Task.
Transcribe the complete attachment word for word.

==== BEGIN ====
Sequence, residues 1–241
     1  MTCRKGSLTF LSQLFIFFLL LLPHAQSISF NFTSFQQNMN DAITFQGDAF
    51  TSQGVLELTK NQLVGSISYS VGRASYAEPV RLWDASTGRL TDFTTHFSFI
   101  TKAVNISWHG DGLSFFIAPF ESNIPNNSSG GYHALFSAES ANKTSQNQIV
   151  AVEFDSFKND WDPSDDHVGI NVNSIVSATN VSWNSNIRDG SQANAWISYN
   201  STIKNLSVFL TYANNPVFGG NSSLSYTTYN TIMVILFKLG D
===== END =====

Sequence, residues 1–241
     1  MTCRKGSLTF LSQLFIFFLL LLPHAQSISF NFTSFQQNMN DAITFQGDAF
    51  TSQGVLELTK NQLVGSISYS VGRASYAEPV RLWDASTGRL TDFTTHFSFI
   101  TKAVNISWHG DGLSFFIAPF ESNIPNNSSG GYHALFSAES ANKTSQNQIV
   151  AVEFDSFKND WDPSDDHVGI NVNSIVSATN VSWNSNIRDG SQANAWISYN
   201  STIKNLSVFL TYANNPVFGG NSSLSYTTYN TIMVILFKLG D